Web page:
Dobrzanski, S. and Shaw, Nicola (2009) An audit to determine if general practitioners are aware of warfarin treatment when this drug is routinely provided by a hospital anticoagulant clinic. In: BPC 2009 British Pharmaceutical Conference, 6th - 9th September 2009, Manchester, UK.

Focal Points
The study investigated if general practitioners (GPs) were aware that their patients took warfarin when supplies of the drug were being provided by a hospital anticoagulant clinic.
The clinic checked an electronic GP prescribing record linked to the hospital to confirm that GP practices had made the appropriate entries to register anticoagulant use. Warfarin was missing from the main repeat prescribing screen of the electronic record in 49% of cases. Where GPs do not have to prescribe medication which is instead supplied by a hospital, then there is a risk that they may have an incomplete prescribing record of such therapy.

Introduction and Objectives
Whenever new general practitioner (GP)-led anticoagulant clinics planned opening to take over the care of well-controlled patients who had previously obtained their supply of warfarin from a pharmacy-led hospital anticoagulant clinic, it was found that the lists of patients identified in each GP practice as taking anticoagulants were different to those held by the hospital. GPs were unsure which of their patients took warfarin. A poor communication system when clinical responsibility for anticoagulant therapy is transferred has been identified as an area of
risk. Because the hospital routinely accessed the main locally used electronic GP prescribing program (SystmOne) for confirming medication histories, the hospital pharmacy clinic was asked by primary care to make use of this access to try to identify reasons for the mismatch.

The audit involved accessing GP electronic records either in hospital or at the GP practice after a period of at least 4 weeks following each new patient referral by the hospital to the pharmacy-led clinic. A check was made to confirm that practices had received and registered information sent by the hospital about warfarin in the form of consultant discharge summaries, discharge letters and outpatient clinic letters. The main ‘repeat template’ prescribing field of the electronic record (used to generate repeat prescriptions) was investigated to determine if the practice had highlighted that warfarin was being provided by a third party and that the record relating to anticoagulation was comprehensive. This included checking that the practice was aware of the duration of anticoagulant therapy and in patients taking aspirin, determining if this had stopped or continued to be prescribed.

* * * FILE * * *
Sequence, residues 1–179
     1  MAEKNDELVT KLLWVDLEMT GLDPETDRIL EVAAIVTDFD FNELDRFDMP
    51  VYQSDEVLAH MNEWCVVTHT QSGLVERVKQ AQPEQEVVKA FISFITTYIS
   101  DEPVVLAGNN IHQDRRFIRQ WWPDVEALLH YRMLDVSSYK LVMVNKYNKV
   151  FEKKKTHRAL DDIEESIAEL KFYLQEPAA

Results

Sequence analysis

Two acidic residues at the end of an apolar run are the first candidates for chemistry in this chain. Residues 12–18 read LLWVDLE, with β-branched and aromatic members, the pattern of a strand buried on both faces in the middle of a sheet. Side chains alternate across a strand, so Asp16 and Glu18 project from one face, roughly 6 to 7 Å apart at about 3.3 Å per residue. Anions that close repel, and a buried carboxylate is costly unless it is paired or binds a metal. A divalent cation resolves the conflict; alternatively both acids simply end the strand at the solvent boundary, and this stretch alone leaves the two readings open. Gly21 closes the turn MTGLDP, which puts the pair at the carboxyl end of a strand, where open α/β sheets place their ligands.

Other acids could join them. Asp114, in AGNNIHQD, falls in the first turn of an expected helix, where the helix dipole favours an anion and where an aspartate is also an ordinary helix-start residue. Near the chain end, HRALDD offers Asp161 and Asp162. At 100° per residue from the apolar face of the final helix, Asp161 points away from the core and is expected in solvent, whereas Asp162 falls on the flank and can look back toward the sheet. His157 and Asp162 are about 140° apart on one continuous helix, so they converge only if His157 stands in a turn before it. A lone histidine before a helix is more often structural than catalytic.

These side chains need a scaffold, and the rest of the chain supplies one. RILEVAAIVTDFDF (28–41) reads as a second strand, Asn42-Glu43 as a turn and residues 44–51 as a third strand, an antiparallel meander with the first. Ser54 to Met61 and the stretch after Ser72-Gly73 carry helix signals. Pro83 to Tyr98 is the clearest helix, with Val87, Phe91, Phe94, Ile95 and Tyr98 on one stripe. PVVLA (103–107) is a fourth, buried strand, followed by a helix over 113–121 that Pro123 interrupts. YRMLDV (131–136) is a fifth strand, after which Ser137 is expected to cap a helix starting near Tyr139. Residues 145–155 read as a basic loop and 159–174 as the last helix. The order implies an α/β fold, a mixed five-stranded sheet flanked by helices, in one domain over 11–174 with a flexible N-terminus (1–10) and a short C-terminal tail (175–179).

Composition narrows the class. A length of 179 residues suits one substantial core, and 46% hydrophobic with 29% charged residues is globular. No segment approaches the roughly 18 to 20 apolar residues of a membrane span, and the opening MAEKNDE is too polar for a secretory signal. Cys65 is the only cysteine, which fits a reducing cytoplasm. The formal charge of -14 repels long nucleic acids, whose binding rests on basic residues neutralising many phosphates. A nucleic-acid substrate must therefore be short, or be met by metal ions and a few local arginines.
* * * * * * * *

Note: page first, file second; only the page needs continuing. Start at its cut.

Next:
Results and Discussions
From a sample of 84 referrals by the hospital to the pharmacy clinic, 51 patients belonged to GP practices using SystmOne. From this latter group, there was only one instance where hospital communications had not been scanned onto the electronic record by a GP practice. Nevertheless, in 25 cases (49%), warfarin had not been entered on the repeat template, possibly because the GP was not being asked to prescribe the drug. This meant that as details of warfarin use were consigned to less frequently accessed sections of the electronic record, the GP might easily overlook that anticoagulation had commenced. Information about the duration of warfarin treatment was invariably absent. There were 18 cases where patients had remained on aspirin unintentionally and two instances where the hospital had not indicated if it should stop. Overall, information about warfarin was missing, not readily accessed or incomplete in 82.4% of cases. As there was no hospital electronic link with non-SystmOne practices, it is not clear if a similar picture would be found there.

Where GPs do not have to prescribe warfarin because it is already being provided in hospital, then there is a risk that their practice records about anticoagulation may remain incomplete. Retinoids, certain drugs for metabolic diseases
and oral chemotherapy may also exclusively be supplied by hospitals, and possibly GPs may similarly not always be aware of their use. Anticoagulant clinic pharmacists could themselves correct the GP electronic record, but this was not a solution for those practices with no electronic link to the hospital. Instead a form was introduced for GPs formally to acknowledge that warfarin was recorded on their patient’s
repeat template as being supplied by the hospital.

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